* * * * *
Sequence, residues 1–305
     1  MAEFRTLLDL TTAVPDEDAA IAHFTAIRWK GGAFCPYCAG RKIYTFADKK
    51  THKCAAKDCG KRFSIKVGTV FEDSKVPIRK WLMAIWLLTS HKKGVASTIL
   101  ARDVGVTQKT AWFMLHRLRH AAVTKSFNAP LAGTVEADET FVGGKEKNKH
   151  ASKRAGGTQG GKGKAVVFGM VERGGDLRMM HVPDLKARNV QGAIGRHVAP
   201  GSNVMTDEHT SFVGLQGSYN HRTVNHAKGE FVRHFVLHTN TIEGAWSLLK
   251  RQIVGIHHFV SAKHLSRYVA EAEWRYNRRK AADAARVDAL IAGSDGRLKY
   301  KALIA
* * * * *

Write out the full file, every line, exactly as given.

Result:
Sequence, residues 1–305
     1  MAEFRTLLDL TTAVPDEDAA IAHFTAIRWK GGAFCPYCAG RKIYTFADKK
    51  THKCAAKDCG KRFSIKVGTV FEDSKVPIRK WLMAIWLLTS HKKGVASTIL
   101  ARDVGVTQKT AWFMLHRLRH AAVTKSFNAP LAGTVEADET FVGGKEKNKH
   151  ASKRAGGTQG GKGKAVVFGM VERGGDLRMM HVPDLKARNV QGAIGRHVAP
   201  GSNVMTDEHT SFVGLQGSYN HRTVNHAKGE FVRHFVLHTN TIEGAWSLLK
   251  RQIVGIHHFV SAKHLSRYVA EAEWRYNRRK AADAARVDAL IAGSDGRLKY
   301  KALIA